Overall, Silkies are a fascinating breed of chicken that are sure to bring joy and entertainment to any backyard flock.

Silkie Chicken, a small breed that lays about 2 creamy white eggs per week


Sussex chickens are a popular breed for backyard chicken keeping. They are docile, friendly, and easy to handle, making them a great choice for families with children. They also have a great personality and love to follow their owners around the yard.

Sussex chickens come in a variety of colors, including speckled, red, brown, silver, white, and buff. They are a medium-sized breed, with a broad, round body and a short tail.

Sussex chickens have a high egg production, with hens laying around 250-300 eggs per year. They lay large brown eggs, making them a great choice for those who love to collect fresh eggs from their backyard.

Sussex chickens are easy to care for and require minimal maintenance. They are hardy birds and can tolerate a wide range of temperatures and climates. They do well in confinement but also love to free-range, so providing them with a large outdoor space is ideal.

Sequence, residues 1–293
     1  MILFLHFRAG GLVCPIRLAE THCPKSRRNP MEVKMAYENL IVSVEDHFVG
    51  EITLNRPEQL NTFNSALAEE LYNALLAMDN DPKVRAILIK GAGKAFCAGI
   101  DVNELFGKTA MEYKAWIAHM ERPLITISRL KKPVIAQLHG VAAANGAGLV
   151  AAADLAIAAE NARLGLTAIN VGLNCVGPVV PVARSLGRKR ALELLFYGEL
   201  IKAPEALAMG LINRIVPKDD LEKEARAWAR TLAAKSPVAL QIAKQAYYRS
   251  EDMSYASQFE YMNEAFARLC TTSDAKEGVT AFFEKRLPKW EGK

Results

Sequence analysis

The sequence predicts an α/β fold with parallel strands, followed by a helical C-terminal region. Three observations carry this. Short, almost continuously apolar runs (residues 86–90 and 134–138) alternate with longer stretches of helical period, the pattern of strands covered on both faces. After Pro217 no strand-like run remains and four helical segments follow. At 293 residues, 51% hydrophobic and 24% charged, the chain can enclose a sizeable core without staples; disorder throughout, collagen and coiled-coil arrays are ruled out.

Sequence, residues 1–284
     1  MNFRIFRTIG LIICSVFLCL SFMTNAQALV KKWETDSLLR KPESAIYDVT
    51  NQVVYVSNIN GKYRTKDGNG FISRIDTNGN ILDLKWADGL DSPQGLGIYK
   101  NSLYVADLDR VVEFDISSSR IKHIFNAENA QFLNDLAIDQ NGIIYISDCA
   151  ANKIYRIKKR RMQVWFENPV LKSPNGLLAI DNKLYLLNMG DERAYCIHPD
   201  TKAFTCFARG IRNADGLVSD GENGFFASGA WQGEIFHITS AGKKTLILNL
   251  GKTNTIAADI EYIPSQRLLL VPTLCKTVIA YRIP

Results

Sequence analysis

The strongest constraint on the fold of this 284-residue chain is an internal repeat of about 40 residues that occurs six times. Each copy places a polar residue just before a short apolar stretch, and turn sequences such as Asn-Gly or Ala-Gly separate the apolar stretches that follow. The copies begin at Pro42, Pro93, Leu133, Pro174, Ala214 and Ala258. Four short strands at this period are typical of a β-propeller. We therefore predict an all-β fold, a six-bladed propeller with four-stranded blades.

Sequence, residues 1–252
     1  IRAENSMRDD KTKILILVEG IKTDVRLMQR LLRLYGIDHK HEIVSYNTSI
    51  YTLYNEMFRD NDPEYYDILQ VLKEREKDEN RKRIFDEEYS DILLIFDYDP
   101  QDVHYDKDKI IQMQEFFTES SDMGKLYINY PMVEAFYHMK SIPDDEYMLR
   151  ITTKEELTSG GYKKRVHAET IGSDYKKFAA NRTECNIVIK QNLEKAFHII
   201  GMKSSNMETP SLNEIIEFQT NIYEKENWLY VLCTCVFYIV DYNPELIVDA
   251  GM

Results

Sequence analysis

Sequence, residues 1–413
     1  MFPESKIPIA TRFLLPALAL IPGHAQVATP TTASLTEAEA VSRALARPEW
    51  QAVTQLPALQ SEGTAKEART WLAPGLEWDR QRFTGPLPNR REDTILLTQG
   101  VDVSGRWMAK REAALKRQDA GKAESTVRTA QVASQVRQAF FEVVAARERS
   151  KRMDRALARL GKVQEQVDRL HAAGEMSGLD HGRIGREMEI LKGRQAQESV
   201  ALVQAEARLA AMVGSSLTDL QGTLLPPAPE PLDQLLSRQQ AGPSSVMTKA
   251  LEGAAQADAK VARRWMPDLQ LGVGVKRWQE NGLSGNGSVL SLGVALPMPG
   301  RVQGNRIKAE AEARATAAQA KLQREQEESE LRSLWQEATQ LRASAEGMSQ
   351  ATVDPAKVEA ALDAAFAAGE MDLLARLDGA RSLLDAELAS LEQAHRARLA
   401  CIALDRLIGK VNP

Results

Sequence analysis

Overall, Sussex chickens are a great choice for backyard chicken keeping. They are friendly, easy to care for, and great egg layers. Plus, their beautiful colors and personalities make them a joy to have in any backyard flock.

Sussex Chicken, a medium sized breed that lays 4 to 5 brown eggs per week


Wyandotte chickens are a popular breed of backyard chicken that appeal to many for their beauty, hardiness, and excellent egg-laying abilities. They come in a variety of colors, including silver laced, golden laced, blue laced red, and black, and you just have to love their fluffy feathers and cute, round bodies!

Wyandotte hens lay around 200 to 250 brown eggs a year. They start laying eggs later than some other breeds, at around 25 to 30 weeks old, but they continue laying for longer, up to 3 or 4 years. This makes them a great choice for backyard chicken keepers who want a steady supply of fresh eggs.